War & Wellbeing

Remaining healthy was a continuous struggle for everyone during the Antebellum Period; the deadliest diseases to strike Louisiana at this time were cholera, smallpox, malaria, and yellow fever. During the summer of 1853, over 12,000 people died of yellow fever in New Orleans, with still more deaths in rural areas throughout south Louisiana. This number marked the single highest annual death rate of any state during the entire nineteenth century. Henry Watkins Allen of West Baton Rouge wrote to the Baton Rouge Daily Comet on September 23, 1853:

“It is with melancholy feelings that I now advise you of the appearance of yellow fever in our heretofore healthy Parish…God grant that the disease may not spread over our Parish, for our citizens are already panic stricken and terror has seized the hearts of the people.” 

There were also severe cholera epidemics in 1832 and 1849 in Louisiana.  

On rural sugar plantations, enslaved people of color suffered from malnutrition and extreme work conditions, and therefore were particularly susceptible to disease. In the sugar-cane parishes, the difference between the birth rate and death rate among the enslaved population was approximately four times lower than the regional average.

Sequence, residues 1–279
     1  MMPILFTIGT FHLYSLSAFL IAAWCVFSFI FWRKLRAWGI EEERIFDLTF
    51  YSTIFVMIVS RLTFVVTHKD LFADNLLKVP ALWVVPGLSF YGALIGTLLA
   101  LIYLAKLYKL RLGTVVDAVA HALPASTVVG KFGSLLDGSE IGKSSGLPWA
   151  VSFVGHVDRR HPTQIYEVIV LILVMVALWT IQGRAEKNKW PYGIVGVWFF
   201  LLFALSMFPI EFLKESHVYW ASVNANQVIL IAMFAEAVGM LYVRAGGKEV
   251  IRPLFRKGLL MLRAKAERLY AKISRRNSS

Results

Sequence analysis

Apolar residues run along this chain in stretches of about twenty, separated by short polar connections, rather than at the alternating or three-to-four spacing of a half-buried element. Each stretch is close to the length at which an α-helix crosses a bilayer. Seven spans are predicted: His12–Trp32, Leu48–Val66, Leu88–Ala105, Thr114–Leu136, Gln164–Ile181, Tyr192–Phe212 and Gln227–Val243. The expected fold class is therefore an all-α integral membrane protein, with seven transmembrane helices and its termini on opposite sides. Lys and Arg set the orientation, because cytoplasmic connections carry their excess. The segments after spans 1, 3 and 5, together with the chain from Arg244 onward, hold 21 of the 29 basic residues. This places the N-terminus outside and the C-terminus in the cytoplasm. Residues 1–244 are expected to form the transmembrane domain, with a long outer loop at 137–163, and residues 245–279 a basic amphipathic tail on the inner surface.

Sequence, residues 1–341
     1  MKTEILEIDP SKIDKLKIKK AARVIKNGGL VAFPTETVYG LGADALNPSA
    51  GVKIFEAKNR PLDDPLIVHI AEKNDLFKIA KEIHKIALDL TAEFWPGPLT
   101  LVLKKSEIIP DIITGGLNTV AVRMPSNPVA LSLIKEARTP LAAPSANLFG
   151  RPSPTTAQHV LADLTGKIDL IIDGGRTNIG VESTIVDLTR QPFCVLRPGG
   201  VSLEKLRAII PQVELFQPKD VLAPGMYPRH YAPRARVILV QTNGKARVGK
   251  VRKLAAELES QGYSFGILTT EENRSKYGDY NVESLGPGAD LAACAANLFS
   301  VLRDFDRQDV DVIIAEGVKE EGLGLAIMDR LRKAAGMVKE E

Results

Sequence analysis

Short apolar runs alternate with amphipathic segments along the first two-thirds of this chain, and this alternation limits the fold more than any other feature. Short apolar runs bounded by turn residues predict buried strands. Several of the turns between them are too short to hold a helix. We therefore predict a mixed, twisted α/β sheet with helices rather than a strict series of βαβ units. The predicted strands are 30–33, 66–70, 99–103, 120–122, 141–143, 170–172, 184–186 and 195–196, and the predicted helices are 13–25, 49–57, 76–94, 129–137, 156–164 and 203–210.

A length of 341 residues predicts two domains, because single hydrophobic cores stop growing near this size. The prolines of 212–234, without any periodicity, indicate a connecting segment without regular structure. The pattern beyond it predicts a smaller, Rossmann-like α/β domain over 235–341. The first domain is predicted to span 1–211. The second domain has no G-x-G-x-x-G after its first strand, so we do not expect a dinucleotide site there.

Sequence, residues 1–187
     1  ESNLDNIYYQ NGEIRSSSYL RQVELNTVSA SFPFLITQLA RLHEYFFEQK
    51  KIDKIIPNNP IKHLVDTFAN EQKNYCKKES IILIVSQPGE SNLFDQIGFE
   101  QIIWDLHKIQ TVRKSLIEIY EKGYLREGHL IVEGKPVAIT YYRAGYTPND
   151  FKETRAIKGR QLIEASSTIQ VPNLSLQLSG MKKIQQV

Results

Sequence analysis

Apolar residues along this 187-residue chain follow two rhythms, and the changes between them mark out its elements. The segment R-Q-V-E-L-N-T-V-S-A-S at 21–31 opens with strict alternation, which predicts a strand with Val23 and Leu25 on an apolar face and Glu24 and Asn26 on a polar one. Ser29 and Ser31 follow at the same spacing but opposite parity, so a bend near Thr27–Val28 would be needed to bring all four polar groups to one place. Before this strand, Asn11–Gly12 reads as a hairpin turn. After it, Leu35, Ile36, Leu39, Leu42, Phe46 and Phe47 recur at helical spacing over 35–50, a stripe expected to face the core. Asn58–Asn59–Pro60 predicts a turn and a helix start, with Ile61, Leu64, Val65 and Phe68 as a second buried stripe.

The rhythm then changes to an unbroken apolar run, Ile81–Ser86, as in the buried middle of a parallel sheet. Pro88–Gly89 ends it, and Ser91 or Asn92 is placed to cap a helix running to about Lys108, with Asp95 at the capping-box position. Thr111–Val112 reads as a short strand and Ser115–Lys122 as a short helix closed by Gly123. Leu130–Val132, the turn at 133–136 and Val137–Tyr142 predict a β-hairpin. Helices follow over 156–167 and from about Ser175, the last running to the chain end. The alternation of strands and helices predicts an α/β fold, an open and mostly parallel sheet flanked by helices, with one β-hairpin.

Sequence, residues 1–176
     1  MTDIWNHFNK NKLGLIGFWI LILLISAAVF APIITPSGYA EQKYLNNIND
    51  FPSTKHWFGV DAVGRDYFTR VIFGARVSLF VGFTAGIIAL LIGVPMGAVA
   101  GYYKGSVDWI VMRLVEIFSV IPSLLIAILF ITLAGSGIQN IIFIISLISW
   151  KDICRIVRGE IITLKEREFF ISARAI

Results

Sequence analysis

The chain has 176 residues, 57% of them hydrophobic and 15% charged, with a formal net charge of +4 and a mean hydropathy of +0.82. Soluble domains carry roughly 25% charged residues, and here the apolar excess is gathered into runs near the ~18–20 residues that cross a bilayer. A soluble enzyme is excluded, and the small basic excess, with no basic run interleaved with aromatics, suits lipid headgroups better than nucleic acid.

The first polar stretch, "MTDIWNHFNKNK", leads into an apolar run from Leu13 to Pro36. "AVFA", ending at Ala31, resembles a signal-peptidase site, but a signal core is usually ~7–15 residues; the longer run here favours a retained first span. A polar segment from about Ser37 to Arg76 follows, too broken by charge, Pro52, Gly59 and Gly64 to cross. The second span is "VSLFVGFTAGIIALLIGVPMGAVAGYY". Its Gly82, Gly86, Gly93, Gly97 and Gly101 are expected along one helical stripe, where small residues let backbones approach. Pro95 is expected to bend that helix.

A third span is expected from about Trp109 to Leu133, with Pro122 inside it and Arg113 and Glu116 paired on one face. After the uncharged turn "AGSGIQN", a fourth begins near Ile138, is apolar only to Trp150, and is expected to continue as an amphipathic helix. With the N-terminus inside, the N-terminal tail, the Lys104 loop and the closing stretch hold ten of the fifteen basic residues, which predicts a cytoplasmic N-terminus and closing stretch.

During the Antebellum Era, most communities throughout the south formed militia companies that were much like social clubs. The Tirailleurs were established in 1841. This company was originally raised in Iberville but attracted many members from the southern portion of West Baton Rouge Parish, namely Brusly Landing, and were an exclusively French-speaking company. Many Louisiana militia companies participated in the Mexican-American War. Next door to Louisiana, Texas had won its independence from Mexico in 1836, though hostilities lasted between the two governments. Texas was eventually annexed by the U.S. in 1845, which led to a two-year war between Mexico and the United States beginning on April 25, 1846. The Tirailleurs fought in this war from 1846-48 as part of the 2nd Regiment. Another local company, The West Baton Rouge Guards, was organized in 1846 under Captain William Blount Robertson, and the Voltigeurs were formed around 1841.